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In the following example, is there any way to get a reference to the someValue variable declared outside someFunction from within someFunction or is it completely obscured by the function's parameter of the same name. I appreciate that I could attach it to window and access it from within the function using this, but is there a way of accessing it in this situation?

[Edit] To clarify. I understand that the parameter is shadowing the variable. Obviously changing the name of the parameter would remove this issue. My question is whether there is any way to access the variable given this situation.

(function($){

   var someValue = 41;

   function someFunction(someValue) {

      console.log(someValue); //= 22

   }

   someFunction(22);


}(jQuery));
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2  
So in your example, you'd like the console.log() to output 41, correct? –  BenM Dec 7 '12 at 10:31
1  
can't you rename the function's param? –  user1703809 Dec 7 '12 at 10:33
1  
No. It is completely shadowed, and there is no way to get around it. Rename one the two variables. –  Bergi Dec 7 '12 at 10:34
1  
once upon a time, there was a .__parent__ property which could get accessed by ECMAscript. But those are just rumors, because that was a long time ago. Currently, there is no option to directly access parent contexts. –  jAndy Dec 7 '12 at 10:39
    
@BenM Yes. That is correct. –  Pedr Dec 7 '12 at 11:05

3 Answers 3

up vote 2 down vote accepted

You seem to be deliberately shadowing the variable, and then trying to get its value. Just give it a different name or rename your parameter.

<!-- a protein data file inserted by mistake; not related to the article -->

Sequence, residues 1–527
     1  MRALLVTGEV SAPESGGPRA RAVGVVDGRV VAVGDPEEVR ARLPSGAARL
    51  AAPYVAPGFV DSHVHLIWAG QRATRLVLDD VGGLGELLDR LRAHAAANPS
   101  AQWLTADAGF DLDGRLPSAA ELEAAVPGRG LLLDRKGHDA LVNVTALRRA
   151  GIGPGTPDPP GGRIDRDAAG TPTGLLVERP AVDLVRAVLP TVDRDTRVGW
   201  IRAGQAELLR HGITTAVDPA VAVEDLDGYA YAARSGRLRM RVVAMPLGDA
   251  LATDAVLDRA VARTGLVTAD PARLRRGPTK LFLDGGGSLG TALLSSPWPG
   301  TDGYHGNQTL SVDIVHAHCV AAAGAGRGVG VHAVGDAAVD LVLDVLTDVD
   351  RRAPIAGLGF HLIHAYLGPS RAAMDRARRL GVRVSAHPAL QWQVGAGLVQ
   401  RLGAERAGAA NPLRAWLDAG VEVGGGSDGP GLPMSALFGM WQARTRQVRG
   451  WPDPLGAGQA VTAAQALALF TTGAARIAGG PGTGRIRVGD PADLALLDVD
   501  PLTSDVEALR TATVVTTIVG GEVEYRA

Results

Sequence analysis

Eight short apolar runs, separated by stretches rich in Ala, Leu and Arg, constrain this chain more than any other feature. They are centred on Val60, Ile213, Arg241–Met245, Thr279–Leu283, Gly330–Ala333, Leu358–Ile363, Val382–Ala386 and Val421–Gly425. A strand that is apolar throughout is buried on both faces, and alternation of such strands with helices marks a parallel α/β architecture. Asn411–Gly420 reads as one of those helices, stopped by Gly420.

var someValue = 41;
   function someFunction(myParameter) {
      console.log(someValue); // someValue == 41
   }
   someFunction(22); // logs 41
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I know that's what is happening. My question was whether in this situation I could get access to the shadowed variable. –  Pedr Dec 7 '12 at 11:03
    
@1ndivisible No, you can't. –  Asad Dec 7 '12 at 11:06

There is no way to log the someValue that was declared outside the function, unless you're going to pass the variable:

(function($){
    var someValue = 41;

    function someFunction(someValue, otherValue) {
        console.log(someValue, otherValue); //= 22 41
    }
    someFunction(22, someValue);
}(jQuery));

Or rename the parameter:

(function($){
    var someValue = 41;

    function someFunction(otherValue) {
        console.log(someValue); //= 41
    }
    someFunction(someValue);
}(jQuery));

This is because the someValue name you use as parameter overshadows the one declared outside the function.

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1  
What's with the downvotes? Care to comment? –  Cerbrus Dec 7 '12 at 10:39

Because you are using local variable (var), the context of someValue is set to the function. The best solution is to use a different name as suggested by others, if you are desperate to use the same name though you could attach it to window object by removing the var keyword like so:

(function($) {

    someValue = 41;

    function someFunction(someValue) {
        console.log(window.someValue); //= 41
        console.log(someValue); //= 22
    }

    someFunction(22);

}(jQuery));
share|improve this answer
1  
Care to comment the downvote? –  Wichura Dec 7 '12 at 10:59

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